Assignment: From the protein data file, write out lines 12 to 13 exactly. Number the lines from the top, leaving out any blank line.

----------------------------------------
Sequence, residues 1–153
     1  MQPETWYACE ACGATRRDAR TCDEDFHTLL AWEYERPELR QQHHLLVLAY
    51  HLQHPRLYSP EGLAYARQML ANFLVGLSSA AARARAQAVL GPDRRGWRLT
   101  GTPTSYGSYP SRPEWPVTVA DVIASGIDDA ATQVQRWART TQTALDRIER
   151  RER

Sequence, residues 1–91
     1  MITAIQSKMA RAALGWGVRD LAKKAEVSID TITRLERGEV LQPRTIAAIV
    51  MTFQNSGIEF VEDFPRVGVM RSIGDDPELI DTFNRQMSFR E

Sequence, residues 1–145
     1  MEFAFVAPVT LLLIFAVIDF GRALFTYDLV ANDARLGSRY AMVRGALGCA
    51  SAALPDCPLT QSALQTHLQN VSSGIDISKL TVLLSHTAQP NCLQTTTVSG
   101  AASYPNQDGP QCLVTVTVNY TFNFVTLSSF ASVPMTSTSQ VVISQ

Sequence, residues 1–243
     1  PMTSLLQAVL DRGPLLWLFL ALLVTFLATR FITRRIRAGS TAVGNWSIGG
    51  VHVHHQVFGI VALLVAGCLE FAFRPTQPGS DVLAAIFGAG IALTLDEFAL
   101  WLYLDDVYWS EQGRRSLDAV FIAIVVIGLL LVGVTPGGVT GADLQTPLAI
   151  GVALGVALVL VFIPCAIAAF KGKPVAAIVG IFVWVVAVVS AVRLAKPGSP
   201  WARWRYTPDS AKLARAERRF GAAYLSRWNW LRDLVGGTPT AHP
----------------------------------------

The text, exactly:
   101  AASYPNQDGP QCLVTVTVNY TFNFVTLSSF ASVPMTSTSQ VVISQ

Sequence, residues 1–243